I now share that vision after working on this for hundreds of hours and many 'all nighters' with this Mac@30 dedicated team of professionals - who put their hearts and souls into making this a successful event - in spite of the complete lack of support from those... who made their fortunes from those trucks driving off into the marketplace, full of wonderful and innovative software and hardware that people like this create.

    That vision of the future is still alive.
    That goal is still there to be achieved, and it is our hope that this terrible financial loss for All Planet will still find a way to provide something positive towards the goals of recognition for the real heroes - the 'Propeller -head' folks who make it a reality, and to support the children who will be doing that job in the future - for 'the Rest of Us'.
    Shame on Silicon Valley, shame especially on Apple for shunning this heartwarming event about their own past, and (without realizing it) shunning their own future.
    But hurray for the Original Mac Team, and bravo for the message and original vision of the event.
    Therefore, this Mac@30 independent production was NOT a failure, it was a success.
    You only need to look at the team's faces during their Mac@30 2014 Team photo on stage with Mike Markkula. These people really ARE more important than the folks who load the trucks with boxes.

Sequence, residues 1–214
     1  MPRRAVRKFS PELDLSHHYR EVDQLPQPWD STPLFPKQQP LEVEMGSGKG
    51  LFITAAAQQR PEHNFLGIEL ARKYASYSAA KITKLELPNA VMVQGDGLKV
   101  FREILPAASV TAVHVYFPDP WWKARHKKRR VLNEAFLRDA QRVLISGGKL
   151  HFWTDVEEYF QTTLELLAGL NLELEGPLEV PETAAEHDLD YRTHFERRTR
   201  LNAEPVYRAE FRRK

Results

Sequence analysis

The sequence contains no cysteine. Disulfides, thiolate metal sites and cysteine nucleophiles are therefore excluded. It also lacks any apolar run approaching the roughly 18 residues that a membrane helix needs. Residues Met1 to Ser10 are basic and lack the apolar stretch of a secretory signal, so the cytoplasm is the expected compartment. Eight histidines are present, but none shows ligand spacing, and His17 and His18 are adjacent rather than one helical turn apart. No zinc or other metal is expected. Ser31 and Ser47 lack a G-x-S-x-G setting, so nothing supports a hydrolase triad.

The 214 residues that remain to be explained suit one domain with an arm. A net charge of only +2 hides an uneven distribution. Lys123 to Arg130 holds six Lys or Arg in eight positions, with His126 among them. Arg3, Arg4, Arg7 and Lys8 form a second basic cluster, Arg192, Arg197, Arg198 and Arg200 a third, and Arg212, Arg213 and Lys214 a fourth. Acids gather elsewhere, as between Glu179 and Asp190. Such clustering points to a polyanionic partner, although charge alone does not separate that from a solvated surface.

These people, and those like them ARE the ones taking us into the future - and obviously not the big companies, who take all the credit.
    Thank you for an enlightened and appreciated viewpoint Tom.
    I know Gabreal will appreciate your article when he reads it, as will the rest of his crew and team.
    Robert with Mac@30
  • The Success of the Mac@30 Event

    Apple held its own event on Friday the 24th, the actual anniversary of the launch of Macintosh. Because of the number of employees in Cupertino, and around the bay area these days, no outside people were permitted on campus.
  • 30th anniversary effort was not a failure

    I hope that the 30th anniversary was not an actual financial failure for the event organizers. They certainly performed an important service for Mac fans and history. Unfortunately, I am sure that many people could not afford to fly across the country with no expense account for "only" a 6-hour event. I relished all the historic material that was made available coming up to the event. I have ordered one of the more expensive packages of souvenirs being offered now. I think the availability of these souvenirs should be widely publicized. Most dedicated Mac fans should be eager to have these. Good luck!